# How To Solve Proportions (3 Things To Know)

Proportions come up often in algebra, probability, calculus, and other subjects outside of mathematics.  It helps to be comfortable with solving proportions – luckily, there is an easy way to get a simpler equation from a proportion.

So, how do you solve proportions?  To solve a proportion, first use cross multiplication to get an equation without fractions. Next, simplify any parentheses and combine like terms. Then, solve the equation for the variable.  Finally, test the value of the variable in the original proportion to verify the solution.

Although some proportions have a single solution, there are others that have two or more solutions, and some that have no solution at all.

In this article, we’ll look at how to solve proportions with several examples.  We’ll also examine where cross multiplication comes from and why it works to solve a proportion.

Let’s get started.

## How To Solve Proportions

Remember that a proportion is an equation that sets two ratios (fractions) equal to each other.  For example, the equation 4/6 = 2/3 is a proportion.

In a proportion, both fractions have the same value (possibly in a different form, as we saw in the example above).

Proportions can be used to solve similar triangles, among other things. We can use proportions to solve for side lengths in similar triangles.

Some proportions have one or more variables in them.  To solve a proportion with a variable, we use cross multiplication.

### What Is Cross Multiplication?

Cross multiplication takes a proportion and turns it into an equation with no fractions.  The new equation is equivalent to the original proportion (and it has the same solutions if there are variables).

Given a proportion a/b = x/y, cross multiplication gives us the equivalent equation:

• ay = bx Cross multiplication of a proportion allows us to convert the equation to another one without fractions.

Here is a proof of why cross multiplication works:

• a/b = x/y  [this is the original proportion]
• b(a/b) = b(x/y)  [multiply by b on both sides]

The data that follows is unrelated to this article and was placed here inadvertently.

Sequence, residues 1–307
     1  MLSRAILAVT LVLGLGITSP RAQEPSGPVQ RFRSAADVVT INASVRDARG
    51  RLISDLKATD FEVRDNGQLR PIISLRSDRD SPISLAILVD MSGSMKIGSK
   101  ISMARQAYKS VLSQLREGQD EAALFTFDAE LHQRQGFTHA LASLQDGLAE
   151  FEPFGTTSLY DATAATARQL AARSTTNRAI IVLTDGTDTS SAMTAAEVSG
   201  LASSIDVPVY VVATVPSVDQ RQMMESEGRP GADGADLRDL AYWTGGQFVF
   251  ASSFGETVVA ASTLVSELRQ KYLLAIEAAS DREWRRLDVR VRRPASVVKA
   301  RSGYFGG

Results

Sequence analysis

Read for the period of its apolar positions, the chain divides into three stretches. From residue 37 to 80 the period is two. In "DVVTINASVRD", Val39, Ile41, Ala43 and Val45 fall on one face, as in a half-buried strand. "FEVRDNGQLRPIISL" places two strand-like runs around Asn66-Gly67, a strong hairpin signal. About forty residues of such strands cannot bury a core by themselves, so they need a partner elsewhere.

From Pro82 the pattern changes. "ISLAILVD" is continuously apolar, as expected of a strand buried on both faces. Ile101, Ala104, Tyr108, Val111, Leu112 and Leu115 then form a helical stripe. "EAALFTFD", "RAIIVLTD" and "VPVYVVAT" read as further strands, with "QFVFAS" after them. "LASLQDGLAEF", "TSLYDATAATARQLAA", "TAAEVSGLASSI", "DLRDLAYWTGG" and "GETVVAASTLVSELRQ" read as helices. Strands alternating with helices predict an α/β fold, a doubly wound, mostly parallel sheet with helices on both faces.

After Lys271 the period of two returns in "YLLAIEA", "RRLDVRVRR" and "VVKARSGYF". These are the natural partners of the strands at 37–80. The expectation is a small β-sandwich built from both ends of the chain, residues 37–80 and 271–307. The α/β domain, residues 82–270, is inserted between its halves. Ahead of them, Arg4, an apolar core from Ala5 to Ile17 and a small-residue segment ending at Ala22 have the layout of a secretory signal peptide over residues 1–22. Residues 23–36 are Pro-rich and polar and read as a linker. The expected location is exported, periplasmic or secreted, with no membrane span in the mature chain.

• a = bx/y  [the factor of b cancels on the left side]
• y(a) = y(bx/y)  [multiply by y on both sides]
• ay = bx  [the factor of y cancels on the right side]

Cross multiplication helps us to solve proportions by giving us an equation without fractions.  The resulting equation is easier to solve.

#### Example 1: Using Cross Multiplication To Solve A Proportion

Let’s say we want to solve the proportion 4/x = 2/3.  Using cross multiplication, we get:

• 4*3 = x*2
• 12 = 2x
• 6 = x

We can test this solution in the original proportion to verify that it is correct:

• 4/x = 2/3
• 4/6 = 2/3
• 2/3 = 2/3

So, the solution to the proportion4/x = 2/3 is x = 6.

#### Example 2: Using Cross Multiplication To Solve A Proportion

Let’s say we want to solve the proportion 3/(x – 1) = 2/5.  Using cross multiplication, we get:

• 3*5 = (x – 1)*2
• 15 = 2x – 2
• 17 = 2x
• 17/2 = x
• 8.5 = x

We can test this solution in the original proportion to verify that it is correct:

• 3/(x – 1) = 2/5
• 3/(8.5 – 1) = 2/5
• 3/(7.5) = 2/5
• 30/75 = 2/5
• 2/5 = 2/5

#### Example 3: Using Cross Multiplication To Solve A Proportion

Let’s say we want to solve the proportion 7/(2x – 3) = 5/x  Using cross multiplication, we get:

• 7*x = (2x – 3)*5
• 7x = 10x – 15
• -3x = -15
• x = 5

We can test this solution in the original proportion to verify that it is correct:

• 7/(2x – 3) = 5/x
• 7/(2(5) – 3) = 5/5
• 7/(10 – 3) = 1
• 7 / 7 = 1
• 1 = 1

#### Example 4: Using Cross Multiplication To Solve A Proportion

Let’s say we want to solve the proportion 2/(x – 2) = (x – 3)/x  Using cross multiplication, we get:

• 2*x = (x – 2)(x – 3)
• 2x = x2 – 5x + 6
• 0 = x2 – 7x + 6
• 0 = (x – 1)(x – 6)
• x = 1 or x = 6

We can test both of these solutions in the original proportion to verify that that they are correct.

For x = 1:

• 2/(x – 2) = (x – 3)/x
• 2/(1 – 2) = (1 – 3)/1
• 2 / -1 = -2 / 1
• -2 = -2

For x = 6:

• 2/(x – 2) = (x – 3)/x
• 2/(6 – 2) = (6 – 3)/6
• 2 / 4 = 3 / 6
• 1/2 = 1/2